Enterprise risk management, a concept that can mean different things to different people, is gaining a foothold in federal Washington. The Office of Management and Budget is making it a centerpiece of the next version of A-123, a key policy on internal controls.
That document is expected out later this year. But enterprise risk management already is standard practice at some agencies, usually those that have had to rebound from crises. The Census Bureau fits into that category. Nancy Potok served as the bureau’s chief financial officer during the 2000 decennial census. At that time, the agency primarily viewed its major risks in terms of finances and labor. It had hired hundreds of thousands of new, temporary workers to help with the count. Not only was that a major human resources challenge, but the new employees had government charge cards. Potok and her colleagues worried about abuse of those credit lines.
Today, the Bureau still worries about charge cards and a once-a-decade swell in employees, said Potok, who is now the deputy director and chief operating officer. But those aren’t the only risks.
“The difference is looking at the entire environment,” she said. “Enterprise risk management is taking a much more holistic approach. The [chief information officer] and CFO are integral parts of risk management, but we’re involving — at the executive level — leadership of the Census Bureau across all program lines to see risk.”
Those risks include not just the execution of the 2020 Census, but the 2017 economic census and other smaller surveys, Potok said.
What accounts for the change in approach between 2000 and 2015? While Potok was not at the Census Bureau at the time, she credited a 2008 contracting scandal for motivating the agency’s embrace of enterprise risk management. Then Director Stephen Murdock testified to Congress that several key contracts for the 2010 census were sound. They collapsed just weeks later and the agency scrambled to put together a Plan B.
“One of the root causes of the massive failure of these very large contracts was that the people on the frontlines did not feel comfortable raising the issues. The leaders of the organization had no idea how bad things were,” said Potok, who was not at the Census Bureau at the time.
“That was a clue that enterprise risk management, or at least a culture of people being comfortable raising information, could’ve been helpful and saved the government a billion dollars,” she said.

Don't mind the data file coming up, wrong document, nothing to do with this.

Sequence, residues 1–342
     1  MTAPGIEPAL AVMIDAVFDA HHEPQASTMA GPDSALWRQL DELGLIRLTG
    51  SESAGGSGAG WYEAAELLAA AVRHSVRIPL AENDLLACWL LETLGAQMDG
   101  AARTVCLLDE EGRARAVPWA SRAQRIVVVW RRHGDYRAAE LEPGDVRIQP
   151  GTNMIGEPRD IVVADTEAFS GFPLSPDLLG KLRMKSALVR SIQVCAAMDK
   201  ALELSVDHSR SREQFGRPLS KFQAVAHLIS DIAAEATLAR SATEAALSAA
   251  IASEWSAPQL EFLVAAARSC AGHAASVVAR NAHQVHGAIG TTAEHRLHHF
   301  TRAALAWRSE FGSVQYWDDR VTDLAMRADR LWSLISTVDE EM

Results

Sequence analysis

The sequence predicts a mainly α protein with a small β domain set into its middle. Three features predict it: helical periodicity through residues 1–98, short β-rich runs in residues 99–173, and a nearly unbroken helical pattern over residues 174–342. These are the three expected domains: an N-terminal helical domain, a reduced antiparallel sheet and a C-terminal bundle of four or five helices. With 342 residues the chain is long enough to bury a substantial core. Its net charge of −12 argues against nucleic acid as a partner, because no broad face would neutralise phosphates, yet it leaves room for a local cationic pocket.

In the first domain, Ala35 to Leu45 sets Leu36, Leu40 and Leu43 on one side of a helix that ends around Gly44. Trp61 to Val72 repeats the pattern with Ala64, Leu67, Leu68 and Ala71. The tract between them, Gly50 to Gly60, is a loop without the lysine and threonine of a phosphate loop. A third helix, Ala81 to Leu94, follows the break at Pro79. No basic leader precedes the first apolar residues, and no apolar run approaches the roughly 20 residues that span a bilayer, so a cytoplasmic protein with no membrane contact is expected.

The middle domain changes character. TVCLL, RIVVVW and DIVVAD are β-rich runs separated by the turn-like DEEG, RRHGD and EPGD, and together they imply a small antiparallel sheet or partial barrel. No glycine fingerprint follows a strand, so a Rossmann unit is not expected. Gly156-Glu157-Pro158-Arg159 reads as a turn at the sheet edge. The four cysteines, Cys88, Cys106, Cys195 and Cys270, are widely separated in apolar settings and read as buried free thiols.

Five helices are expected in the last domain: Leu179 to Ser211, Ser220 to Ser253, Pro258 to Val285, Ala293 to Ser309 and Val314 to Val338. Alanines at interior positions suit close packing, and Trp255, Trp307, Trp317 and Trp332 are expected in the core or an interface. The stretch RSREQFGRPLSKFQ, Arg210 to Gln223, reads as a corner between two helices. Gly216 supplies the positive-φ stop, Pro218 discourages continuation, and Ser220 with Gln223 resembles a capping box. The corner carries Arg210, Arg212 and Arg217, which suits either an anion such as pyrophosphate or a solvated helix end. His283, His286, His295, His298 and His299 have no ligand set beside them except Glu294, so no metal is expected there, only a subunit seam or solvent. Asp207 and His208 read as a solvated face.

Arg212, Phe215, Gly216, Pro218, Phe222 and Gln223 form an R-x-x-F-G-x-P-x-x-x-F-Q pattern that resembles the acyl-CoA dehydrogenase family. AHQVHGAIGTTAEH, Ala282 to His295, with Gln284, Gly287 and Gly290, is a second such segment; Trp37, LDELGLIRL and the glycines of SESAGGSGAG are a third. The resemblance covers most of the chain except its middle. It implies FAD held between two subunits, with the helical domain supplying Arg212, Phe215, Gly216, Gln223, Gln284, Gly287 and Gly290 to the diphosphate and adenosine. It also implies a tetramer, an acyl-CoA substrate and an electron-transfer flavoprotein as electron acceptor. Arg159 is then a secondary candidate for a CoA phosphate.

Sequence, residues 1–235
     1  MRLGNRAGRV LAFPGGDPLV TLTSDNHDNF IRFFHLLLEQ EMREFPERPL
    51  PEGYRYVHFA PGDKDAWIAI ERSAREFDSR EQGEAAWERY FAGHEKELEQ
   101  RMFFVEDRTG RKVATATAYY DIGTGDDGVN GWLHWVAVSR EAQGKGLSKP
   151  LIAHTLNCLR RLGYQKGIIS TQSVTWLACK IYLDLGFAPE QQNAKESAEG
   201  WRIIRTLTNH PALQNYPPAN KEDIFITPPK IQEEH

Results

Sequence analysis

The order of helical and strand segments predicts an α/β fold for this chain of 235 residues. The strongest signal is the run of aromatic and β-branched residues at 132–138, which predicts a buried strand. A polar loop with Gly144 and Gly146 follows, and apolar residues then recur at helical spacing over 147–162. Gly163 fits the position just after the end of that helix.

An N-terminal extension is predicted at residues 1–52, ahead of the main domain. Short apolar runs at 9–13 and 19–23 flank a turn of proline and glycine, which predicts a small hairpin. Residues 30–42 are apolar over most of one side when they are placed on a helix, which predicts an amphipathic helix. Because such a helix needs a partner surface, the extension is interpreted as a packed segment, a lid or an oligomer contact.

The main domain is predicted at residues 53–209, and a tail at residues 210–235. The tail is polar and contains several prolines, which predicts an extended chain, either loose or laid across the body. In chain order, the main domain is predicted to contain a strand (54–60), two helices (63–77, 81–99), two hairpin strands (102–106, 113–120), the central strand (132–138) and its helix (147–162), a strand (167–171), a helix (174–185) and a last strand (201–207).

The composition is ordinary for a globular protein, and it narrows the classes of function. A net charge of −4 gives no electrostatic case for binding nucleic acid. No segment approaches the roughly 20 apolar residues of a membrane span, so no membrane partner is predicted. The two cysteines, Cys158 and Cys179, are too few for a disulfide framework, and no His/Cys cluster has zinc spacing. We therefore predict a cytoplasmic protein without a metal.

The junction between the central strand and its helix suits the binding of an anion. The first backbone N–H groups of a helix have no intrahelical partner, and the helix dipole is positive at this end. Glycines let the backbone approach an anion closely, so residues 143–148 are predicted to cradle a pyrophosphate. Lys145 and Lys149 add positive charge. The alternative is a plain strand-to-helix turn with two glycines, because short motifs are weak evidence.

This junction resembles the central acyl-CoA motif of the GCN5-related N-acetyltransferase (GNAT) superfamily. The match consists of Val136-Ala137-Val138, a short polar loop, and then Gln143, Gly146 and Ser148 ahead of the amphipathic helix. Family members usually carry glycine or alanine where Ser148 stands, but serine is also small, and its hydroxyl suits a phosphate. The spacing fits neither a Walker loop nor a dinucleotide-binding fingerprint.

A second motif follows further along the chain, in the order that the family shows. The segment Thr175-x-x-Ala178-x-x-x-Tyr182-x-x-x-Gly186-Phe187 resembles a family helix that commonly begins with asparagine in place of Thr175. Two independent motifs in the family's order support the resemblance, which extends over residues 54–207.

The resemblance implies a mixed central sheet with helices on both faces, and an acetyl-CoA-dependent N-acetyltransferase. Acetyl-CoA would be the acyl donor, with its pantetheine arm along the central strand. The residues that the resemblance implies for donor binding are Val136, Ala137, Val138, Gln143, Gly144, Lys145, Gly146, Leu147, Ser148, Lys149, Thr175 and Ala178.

Potok spoke Tuesday at an event on enterprise risk management hosted by the Consortium for Advanced Management-International in Alexandria, Virginia.
Even now, many years and much effort later, the legacy of that 2008 debacle lives on at the Census Bureau, Potok said. Employees, especially those who have been around for a while, need encouragement to come forward with problems.
“My biggest problem is getting information. By the time it gets to me, it’s been so filtered,” she said. “People only want to tell me the good-news story. That’s bad from a risk-management standpoint. I want to address the problems before they become a crisis. Getting people to understand that it’s their job to elevate that information, that they won’t be punished, that they don’t have to solve everything by themselves, is a huge culture change because people are used to, ‘If I say something is wrong with my program, I will get punished.'”
To change that mentality, the Census Bureau has tried to prove it can handle the bad news in a positive way, she said.
“When people come forward early with problems, they’re getting help. They’re not getting punished,” she said. “When you can see that your leadership is redeploying resources, paying attention and is listening, it does encourage people.”
On the flip side, she said, employees get in trouble for hiding critical information.
As other agencies move toward enterprise risk management, Potok cautioned the change won’t happen overnight, or even in a year or two. At the Census Bureau, it’s six years and counting.
“You have to be in it for the long term,” she said. “You have to have leadership that’s willing to roll up their sleeves and work together. You have to walk the walk, put the incentives in place, and move the resources around.”